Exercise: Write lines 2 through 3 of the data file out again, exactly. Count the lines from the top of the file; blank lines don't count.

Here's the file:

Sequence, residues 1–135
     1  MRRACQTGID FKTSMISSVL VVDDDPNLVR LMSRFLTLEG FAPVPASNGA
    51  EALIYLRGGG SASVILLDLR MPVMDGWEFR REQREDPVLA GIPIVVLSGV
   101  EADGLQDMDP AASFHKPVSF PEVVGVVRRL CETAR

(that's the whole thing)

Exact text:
     1  MRRACQTGID FKTSMISSVL VVDDDPNLVR LMSRFLTLEG FAPVPASNGA
    51  EALIYLRGGG SASVILLDLR MPVMDGWEFR REQREDPVLA GIPIVVLSGV